WASHINGTON, Aug. 20. Much
of the attention of Congress at this
session has been devoted to questions
affecting the management of the
great Panama Canal, which is soon
to be opened and which Is generally
considered to be one of the modern
wonders of the world.
It 13 with justifiable pride that the
people of this country
DHAGS HIS COW
OVER ROCKV ItOAD?
For alleged cruelty to an animal
James Keiper, of Blakeslee, will be
tried at the next session of court.
Defendant was arrested by County
Detective John M. Decker charged
with dragging a cow over a rough
stony road on July 28. The animal
was so painiuuy injured that, ac
cording to some, she had better been
relieved of her misery by being shot.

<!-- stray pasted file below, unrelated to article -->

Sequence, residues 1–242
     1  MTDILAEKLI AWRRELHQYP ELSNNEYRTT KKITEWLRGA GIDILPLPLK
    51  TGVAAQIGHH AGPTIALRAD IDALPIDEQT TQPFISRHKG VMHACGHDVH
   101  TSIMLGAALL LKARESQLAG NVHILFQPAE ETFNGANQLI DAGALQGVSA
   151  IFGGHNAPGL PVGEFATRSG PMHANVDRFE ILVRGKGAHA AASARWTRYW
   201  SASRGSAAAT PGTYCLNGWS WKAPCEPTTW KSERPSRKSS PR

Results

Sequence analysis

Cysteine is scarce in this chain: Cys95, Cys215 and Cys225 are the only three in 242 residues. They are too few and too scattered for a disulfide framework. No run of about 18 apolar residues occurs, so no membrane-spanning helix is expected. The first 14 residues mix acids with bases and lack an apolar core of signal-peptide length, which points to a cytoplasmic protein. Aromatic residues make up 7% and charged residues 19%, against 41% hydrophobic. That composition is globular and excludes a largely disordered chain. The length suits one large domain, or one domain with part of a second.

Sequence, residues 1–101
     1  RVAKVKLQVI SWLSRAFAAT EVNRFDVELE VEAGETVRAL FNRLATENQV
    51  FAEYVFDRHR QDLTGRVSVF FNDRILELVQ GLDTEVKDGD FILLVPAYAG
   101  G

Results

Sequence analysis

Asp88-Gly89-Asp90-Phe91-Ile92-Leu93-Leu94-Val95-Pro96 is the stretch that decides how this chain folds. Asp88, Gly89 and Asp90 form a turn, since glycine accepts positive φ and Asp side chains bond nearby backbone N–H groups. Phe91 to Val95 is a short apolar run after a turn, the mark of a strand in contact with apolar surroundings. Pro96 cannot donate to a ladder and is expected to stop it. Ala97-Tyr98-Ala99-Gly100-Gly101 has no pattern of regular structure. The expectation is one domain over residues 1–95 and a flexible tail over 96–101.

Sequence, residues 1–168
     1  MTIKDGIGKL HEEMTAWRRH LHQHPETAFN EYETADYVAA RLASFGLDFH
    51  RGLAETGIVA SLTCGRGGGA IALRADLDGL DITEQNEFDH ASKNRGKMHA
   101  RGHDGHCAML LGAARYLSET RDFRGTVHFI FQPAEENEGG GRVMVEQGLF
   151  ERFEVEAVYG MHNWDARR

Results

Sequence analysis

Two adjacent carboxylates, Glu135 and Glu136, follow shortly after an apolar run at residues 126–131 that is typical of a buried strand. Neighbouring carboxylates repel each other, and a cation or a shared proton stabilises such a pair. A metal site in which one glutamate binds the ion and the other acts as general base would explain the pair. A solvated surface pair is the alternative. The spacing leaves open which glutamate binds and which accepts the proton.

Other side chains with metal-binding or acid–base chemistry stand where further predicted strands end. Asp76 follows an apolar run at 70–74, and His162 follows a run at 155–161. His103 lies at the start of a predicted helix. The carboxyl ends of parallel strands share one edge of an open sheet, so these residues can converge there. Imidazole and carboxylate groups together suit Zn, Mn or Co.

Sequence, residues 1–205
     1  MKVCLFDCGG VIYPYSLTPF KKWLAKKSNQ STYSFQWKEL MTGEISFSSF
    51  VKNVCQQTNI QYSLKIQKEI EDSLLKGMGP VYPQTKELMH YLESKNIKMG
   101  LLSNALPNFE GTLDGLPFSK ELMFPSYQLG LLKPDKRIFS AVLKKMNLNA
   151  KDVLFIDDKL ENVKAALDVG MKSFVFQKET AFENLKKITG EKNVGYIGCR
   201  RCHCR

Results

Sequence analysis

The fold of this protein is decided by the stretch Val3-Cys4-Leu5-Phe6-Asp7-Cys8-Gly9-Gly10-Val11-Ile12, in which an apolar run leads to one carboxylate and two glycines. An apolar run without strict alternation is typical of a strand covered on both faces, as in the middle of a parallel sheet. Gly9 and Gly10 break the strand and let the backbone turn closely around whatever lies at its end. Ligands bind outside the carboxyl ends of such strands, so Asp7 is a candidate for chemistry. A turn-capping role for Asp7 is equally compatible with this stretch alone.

iveiper denies guilt or any cruelty.
Conviction in the case under Sec
4G. P. L. 395, of the Act of March
31, I860, carries with it the privilege
of Imposing a fine in the sum of
H. R. JOHNSON'S WILL NOT
hlbition during celebration week. an imprisonment in the jail of the
It was the unanimous opinion of the
committee that a suitable place be
found to display it during the cele
bration, where It can be seen by the
many guests who may visit Hones
dale at that time. On motion it was
carried that a committee composed
of Miss Caroline Petersen, Martin
cauiield, Homer Greene and E. B.
Callaway find a suitable place for
the installation of tho model. The
headquarters of the Wayne County
Celebration In the Hettaw building
was suggested. The committee met
at 9 o'clock Tuesday morning for
the purpose of inspecting tho office
of the celebration committee to as
certain whether it was available and
If the executive committee would
grant .permission to have the model
erected therein. Chairman Greene
is now obtaining the consent of the
executive heads of some of the
country's great railroads to act as
an advisory committee and the pro
ject is being pushed as rapidly as
possible to a successful conclusion.